Decriminalise sex work: CGE

WEB_PHOTO_SEXWORKER_095052013

A prostitute talks with a man in a car in a street of Fortaleza, Ceara State, northeastern Brazil, on April 16, 2013.

A prostitute talks with a man in a car in a street of Fortaleza, Ceara State, northeastern Brazil, on April 16, 2013.

WEB_PHOTO_SEXWORKER_095052013

A prostitute talks with a man in a car in a street of Fortaleza, Ceara State, northeastern Brazil, on April 16, 2013.

A prostitute talks with a man in a car in a street of Fortaleza, Ceara State, northeastern Brazil, on April 16, 2013.

Johannesburg - The Commission for Gender Equality (CGE) has called for the decriminalisation of sex work.

"Decriminalisation means: repeal all laws against sex work," CGE commissioner Janine Hicks said at the announcement of the institution&39;s position on the matter on Thursday.

"We believe it is the only viable approach to promoting and protecting the dignity and rights of sex workers," she said, adding that trafficking and child sex should remain crimes.

The commission believed criminalisation violated the Constitution&39;s sections 10, 12, and 22 -- which protected human dignity, freedom of security of the person, and freedom of trade, occupation, and profession.

Hicks said decriminalisation would mean reviewing legislation, including labour laws, and retraining police officers.

It would include establishing better working conditions, and allow sex workers to report brothel owners involved in trafficking or hiring children as sex workers.

Sex workers would also pay tax, like other workers.

According to Hicks, studies had shown that the term "sex work" was used to describe consensual work in this field, and was chosen by people in this type of work.

Prostitution was a word now associated with moral judgement and coerced sex work, where women had no choice, were forced into it, and needed to be rescued.

The CGE believed the issue should be stripped of moral judgement and seen in the light of constitutional rights.

Hicks said decriminalisation would improve sex workers&39; access to health care.

Studies showed there was a 59.6 percent HIV prevalence among sex workers in South Africa.

She said decriminalisation did not mean that people&39;s daughters would rush into this line of work. The point was to remove the abuse of sex workers and the violation of their constitutional rights.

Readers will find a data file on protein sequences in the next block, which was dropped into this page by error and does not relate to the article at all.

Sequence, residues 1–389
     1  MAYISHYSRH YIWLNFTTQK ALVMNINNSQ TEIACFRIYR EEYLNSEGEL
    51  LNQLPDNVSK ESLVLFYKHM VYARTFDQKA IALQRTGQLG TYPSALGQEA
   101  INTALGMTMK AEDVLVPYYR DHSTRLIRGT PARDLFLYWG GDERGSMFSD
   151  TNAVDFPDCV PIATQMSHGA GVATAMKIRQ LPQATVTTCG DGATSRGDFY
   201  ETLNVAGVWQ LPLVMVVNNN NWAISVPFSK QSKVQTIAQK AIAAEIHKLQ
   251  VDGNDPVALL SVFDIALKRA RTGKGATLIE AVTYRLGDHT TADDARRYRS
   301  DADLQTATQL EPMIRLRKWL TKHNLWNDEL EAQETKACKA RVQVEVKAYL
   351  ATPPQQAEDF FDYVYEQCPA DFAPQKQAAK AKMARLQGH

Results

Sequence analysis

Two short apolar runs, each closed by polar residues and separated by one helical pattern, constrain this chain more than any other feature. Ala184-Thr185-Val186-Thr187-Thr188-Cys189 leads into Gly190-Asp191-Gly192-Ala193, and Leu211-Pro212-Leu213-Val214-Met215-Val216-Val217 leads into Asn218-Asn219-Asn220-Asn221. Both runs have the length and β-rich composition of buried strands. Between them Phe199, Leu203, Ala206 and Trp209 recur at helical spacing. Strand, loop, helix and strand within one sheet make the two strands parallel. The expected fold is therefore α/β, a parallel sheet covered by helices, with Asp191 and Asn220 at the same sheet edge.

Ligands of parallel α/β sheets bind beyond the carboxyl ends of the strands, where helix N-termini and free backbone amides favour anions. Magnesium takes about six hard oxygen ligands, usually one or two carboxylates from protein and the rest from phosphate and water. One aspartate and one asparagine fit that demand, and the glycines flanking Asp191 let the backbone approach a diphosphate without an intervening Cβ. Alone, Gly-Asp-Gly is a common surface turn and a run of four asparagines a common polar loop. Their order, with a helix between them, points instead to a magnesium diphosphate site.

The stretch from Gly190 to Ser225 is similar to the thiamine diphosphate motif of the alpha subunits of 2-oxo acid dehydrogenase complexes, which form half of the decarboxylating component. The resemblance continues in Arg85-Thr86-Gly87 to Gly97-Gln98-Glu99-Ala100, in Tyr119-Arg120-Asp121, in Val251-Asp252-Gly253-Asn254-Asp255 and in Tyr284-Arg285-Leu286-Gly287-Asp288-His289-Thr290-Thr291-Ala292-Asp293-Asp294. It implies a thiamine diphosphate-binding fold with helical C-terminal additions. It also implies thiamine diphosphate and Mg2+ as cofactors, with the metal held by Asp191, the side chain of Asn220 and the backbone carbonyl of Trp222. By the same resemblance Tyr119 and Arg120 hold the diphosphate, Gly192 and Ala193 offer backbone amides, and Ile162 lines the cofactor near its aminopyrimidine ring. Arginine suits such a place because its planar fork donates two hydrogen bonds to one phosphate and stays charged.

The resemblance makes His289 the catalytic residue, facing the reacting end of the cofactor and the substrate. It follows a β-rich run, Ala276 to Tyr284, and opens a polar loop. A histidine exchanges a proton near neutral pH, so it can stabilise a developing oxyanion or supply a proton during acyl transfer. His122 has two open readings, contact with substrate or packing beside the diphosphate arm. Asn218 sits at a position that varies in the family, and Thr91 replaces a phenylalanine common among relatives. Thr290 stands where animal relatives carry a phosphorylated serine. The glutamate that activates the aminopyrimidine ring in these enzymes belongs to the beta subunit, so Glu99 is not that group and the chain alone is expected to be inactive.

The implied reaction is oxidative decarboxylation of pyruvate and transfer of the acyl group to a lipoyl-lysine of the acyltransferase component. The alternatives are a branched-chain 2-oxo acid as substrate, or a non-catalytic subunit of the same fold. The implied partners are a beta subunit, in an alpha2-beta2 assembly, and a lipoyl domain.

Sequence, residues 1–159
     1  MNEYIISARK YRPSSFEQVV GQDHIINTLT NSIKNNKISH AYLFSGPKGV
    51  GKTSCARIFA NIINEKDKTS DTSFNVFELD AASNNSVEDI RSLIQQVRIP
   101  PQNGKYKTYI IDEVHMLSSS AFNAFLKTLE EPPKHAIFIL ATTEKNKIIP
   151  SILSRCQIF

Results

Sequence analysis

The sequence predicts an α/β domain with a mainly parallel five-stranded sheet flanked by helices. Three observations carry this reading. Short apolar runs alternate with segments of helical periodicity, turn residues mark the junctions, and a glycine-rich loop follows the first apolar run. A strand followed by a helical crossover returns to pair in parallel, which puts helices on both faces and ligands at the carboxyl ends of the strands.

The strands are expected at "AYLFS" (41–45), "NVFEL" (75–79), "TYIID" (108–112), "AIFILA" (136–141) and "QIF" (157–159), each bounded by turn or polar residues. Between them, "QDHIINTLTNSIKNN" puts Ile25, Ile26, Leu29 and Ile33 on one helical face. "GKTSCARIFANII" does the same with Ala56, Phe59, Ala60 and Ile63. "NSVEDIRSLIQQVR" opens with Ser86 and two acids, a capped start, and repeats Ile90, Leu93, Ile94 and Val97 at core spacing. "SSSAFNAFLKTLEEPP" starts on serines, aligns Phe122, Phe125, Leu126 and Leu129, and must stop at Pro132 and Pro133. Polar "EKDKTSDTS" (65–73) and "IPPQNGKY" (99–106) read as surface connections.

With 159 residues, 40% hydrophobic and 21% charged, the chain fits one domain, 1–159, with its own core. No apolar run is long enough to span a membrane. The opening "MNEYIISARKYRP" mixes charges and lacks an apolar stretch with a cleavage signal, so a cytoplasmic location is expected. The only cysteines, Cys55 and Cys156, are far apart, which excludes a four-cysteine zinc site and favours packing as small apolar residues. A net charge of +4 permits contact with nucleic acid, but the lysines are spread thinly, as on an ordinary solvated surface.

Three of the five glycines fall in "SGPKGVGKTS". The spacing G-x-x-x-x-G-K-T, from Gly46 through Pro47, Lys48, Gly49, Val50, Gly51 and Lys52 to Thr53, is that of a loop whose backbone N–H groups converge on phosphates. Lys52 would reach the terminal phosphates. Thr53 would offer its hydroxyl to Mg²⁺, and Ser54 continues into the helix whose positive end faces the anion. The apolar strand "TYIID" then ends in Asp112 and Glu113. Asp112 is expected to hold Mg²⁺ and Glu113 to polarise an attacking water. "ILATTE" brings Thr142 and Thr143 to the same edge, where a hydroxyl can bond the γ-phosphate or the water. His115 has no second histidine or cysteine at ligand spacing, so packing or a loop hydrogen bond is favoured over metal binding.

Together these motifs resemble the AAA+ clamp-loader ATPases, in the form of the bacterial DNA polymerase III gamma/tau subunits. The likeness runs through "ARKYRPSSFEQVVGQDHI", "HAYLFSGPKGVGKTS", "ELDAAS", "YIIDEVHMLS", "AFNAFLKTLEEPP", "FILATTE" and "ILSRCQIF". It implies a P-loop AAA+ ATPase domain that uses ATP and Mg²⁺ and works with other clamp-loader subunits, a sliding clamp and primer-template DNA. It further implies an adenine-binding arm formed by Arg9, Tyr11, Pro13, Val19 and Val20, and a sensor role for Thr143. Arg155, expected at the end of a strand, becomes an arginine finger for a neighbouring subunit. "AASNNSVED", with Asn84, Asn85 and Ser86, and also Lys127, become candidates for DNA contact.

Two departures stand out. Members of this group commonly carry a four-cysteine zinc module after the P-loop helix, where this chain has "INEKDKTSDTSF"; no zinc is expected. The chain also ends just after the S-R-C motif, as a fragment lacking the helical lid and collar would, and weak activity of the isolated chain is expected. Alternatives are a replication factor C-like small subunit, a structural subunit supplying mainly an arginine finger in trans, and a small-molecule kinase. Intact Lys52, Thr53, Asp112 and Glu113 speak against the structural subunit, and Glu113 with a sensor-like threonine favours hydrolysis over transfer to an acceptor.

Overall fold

CGE chairman Mfanozelwe Shozi said its stance would be taken to Parliament, where various committees would debate it.

The CGE&39;s role in terms of chapter nine of the Constitution is to advise government and Parliament on issues relating to gender and equality, and to make recommendations on regulations underlying the status of women.

Male and trans-gender sex workers are included in the CGE&39;s stance on sex work.

In its submission, the CGE compared various international approaches. South Africa, the United States, and the Middle East chose criminalisation. This made sex work illegal and sought to reduce the industry, with the support of those opposed to it, on religious, moral, or feminist grounds.

 

The United Kingdom had modified its approach to allow the sale of sex, but to ban all related activities, such as soliciting, brothel keeping, and procurement, which effectively criminalised it.

Sweden was the first country to implement a partial system by criminalising buying sex services, regarding it as a form of abuse against women. Researchers found sex workers moved to different areas and condom use dropped because of this approach.

New Zealand and New South Wales, and other states in Australia, had decriminalised sex work. Studies in New Zealand showed this allowed sex workers to protect themselves, improved the relationship between themselves and police, and had no impact on demand for their services.

Themba Godi, chairman of Parliament&39;s public accounts standing committee, said the CGE had taken the right approach in narrowing down its motivation for decriminalisation to a constitutional issue.